Michael Jackson was planning his death?
Michael Jackson’s death could have become the most glorious farewell in the entire history of world music and show business. The King of Pop had only 18 days to live to die on stage of the O2 Arena in London, in front of thousands of people and hundreds of TV cameras.
The world was expecting Michael Jackson’s triumphant comeback on July 13. Everyone hoped that the iconic singer would rise from his wheelchair and leave all his ailments behind to give his fans what they know as the best show on Earth: his energy, his dance steps and, of course, his moonwalk. The tickets for his show were selling very fast. The organizers of Jackson’s This Is It Tour said that the singer would play 50 shows instead of the originally planned 10. However, the ailing King would not have been able to survive either 10 or 50 shows.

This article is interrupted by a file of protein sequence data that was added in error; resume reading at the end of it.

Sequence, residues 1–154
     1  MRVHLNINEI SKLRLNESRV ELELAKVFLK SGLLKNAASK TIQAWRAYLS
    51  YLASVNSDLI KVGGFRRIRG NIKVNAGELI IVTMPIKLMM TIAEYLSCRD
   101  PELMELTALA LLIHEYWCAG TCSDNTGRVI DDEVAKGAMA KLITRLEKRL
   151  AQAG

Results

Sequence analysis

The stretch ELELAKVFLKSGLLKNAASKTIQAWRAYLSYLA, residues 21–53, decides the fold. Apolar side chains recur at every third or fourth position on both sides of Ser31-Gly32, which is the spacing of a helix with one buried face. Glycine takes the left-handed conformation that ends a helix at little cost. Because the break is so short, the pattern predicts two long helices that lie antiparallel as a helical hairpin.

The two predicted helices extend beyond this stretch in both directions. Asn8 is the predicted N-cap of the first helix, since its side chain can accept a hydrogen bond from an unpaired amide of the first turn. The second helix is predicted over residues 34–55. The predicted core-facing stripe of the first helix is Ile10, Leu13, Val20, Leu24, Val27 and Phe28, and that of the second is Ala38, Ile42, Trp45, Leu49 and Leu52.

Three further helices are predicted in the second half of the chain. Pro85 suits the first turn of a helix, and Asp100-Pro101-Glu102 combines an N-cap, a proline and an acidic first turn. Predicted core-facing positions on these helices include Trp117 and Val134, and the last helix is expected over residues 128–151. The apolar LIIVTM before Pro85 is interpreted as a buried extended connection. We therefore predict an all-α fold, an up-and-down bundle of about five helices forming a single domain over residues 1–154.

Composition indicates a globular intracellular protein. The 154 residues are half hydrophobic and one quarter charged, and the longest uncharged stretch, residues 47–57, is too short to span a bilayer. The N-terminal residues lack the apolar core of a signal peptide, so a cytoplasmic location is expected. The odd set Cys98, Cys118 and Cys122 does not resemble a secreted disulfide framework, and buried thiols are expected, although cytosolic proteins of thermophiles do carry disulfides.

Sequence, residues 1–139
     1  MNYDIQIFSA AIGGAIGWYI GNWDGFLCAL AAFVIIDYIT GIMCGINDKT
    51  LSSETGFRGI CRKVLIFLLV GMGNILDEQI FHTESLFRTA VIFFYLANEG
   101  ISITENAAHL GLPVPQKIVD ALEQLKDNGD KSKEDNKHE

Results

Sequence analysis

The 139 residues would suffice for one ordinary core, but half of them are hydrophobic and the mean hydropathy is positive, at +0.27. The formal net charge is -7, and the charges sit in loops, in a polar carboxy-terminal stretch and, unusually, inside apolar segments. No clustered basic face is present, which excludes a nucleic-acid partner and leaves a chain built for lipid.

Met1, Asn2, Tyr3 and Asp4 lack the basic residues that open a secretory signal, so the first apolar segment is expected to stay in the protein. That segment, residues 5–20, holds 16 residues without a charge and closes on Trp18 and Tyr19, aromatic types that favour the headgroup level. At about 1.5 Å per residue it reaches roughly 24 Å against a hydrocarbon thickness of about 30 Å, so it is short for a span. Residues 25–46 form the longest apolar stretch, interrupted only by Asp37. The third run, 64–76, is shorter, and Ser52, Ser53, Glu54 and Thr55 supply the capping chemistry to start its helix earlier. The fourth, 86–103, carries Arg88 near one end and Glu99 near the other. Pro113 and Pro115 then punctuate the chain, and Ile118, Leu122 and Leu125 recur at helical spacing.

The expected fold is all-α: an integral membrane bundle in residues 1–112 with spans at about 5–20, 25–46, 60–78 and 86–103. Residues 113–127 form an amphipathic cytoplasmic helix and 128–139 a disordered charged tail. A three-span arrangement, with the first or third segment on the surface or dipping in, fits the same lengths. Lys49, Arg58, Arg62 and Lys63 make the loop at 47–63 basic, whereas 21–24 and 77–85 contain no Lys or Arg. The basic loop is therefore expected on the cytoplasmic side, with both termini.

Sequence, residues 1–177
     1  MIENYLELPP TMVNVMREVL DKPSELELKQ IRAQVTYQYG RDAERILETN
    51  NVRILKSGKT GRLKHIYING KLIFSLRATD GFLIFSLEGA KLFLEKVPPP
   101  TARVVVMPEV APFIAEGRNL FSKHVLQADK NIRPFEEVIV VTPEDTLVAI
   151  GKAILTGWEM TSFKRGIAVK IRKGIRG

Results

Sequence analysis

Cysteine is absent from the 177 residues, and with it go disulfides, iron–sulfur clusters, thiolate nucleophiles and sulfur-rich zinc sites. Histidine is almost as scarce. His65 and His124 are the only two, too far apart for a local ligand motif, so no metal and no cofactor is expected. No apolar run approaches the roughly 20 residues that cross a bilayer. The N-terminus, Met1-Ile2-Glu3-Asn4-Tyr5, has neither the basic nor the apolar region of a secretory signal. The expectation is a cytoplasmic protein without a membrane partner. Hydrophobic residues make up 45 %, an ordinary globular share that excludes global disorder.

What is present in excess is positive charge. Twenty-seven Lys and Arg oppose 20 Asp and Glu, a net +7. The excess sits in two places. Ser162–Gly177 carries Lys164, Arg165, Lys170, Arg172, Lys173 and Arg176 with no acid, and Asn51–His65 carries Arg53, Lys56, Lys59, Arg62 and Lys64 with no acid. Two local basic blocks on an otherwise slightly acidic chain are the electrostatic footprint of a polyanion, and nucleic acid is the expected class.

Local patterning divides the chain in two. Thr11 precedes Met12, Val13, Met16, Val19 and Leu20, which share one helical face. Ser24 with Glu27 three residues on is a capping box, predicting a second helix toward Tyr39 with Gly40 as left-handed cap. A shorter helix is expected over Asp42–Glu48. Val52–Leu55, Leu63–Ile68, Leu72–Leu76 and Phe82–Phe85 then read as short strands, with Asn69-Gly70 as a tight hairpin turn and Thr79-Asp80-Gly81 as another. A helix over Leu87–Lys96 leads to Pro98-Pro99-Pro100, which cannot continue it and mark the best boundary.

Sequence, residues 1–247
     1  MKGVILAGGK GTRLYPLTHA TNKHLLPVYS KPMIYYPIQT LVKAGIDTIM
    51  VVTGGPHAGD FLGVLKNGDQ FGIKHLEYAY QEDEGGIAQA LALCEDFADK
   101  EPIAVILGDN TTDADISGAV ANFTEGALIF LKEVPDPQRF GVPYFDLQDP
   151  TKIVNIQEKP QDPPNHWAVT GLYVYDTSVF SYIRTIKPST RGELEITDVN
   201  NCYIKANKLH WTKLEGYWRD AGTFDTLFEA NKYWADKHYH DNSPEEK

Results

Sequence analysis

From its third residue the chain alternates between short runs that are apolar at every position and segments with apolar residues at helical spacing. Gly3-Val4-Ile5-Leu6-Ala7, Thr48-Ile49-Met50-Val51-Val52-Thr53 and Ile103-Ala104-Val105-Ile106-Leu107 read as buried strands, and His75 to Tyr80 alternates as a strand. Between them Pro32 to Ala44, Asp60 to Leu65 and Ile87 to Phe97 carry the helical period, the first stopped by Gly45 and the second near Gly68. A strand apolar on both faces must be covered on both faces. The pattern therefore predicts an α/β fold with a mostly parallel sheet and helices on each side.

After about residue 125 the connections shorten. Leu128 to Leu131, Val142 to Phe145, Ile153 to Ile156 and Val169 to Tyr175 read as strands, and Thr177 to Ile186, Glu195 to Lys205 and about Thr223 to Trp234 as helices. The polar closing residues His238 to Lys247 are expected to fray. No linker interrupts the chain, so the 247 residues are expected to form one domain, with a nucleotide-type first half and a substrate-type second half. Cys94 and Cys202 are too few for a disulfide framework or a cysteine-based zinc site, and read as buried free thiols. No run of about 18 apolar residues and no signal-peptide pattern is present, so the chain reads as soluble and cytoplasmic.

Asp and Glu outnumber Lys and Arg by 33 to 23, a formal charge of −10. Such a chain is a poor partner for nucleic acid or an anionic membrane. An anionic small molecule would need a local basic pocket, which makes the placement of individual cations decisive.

Jackson was dying. Lung disease, intestinal bleeding, skin cancer, vitiligo, staph infection, addiction to pain-killers – the list of his rumored illnesses was rather impressive. Even if Jackson had a half of those illnesses, his tour schedule would be his death sentence. Insurance companies had serious doubts about the singer’s health condition too. Why was the tour organized at all?
Michael Jackson liked spectacular shows with flamboyant costumes and provocative performances. His death was supposed to become the extension of his dazzling life. What could be more dazzling than dying on stage in front of thousands of fans?
The death of an outstanding artist is also a part of the show, and there is nothing cynical about it. The show must go on. The unexpected or controversial death of a world-famous artist makes everyone develop great interest in their work and creates a myth that will live for decades, if not for centuries. Marilyn Monroe, Elvis Presley, Kurt Cobain – their mysterious deaths still evoke immense interest in the world.
It does not seem to be likely that Michael Jackson was going to play those 50 farewell shows. He was just going to say goodbye. It was a farewell, a farewell of the King, that did not take place.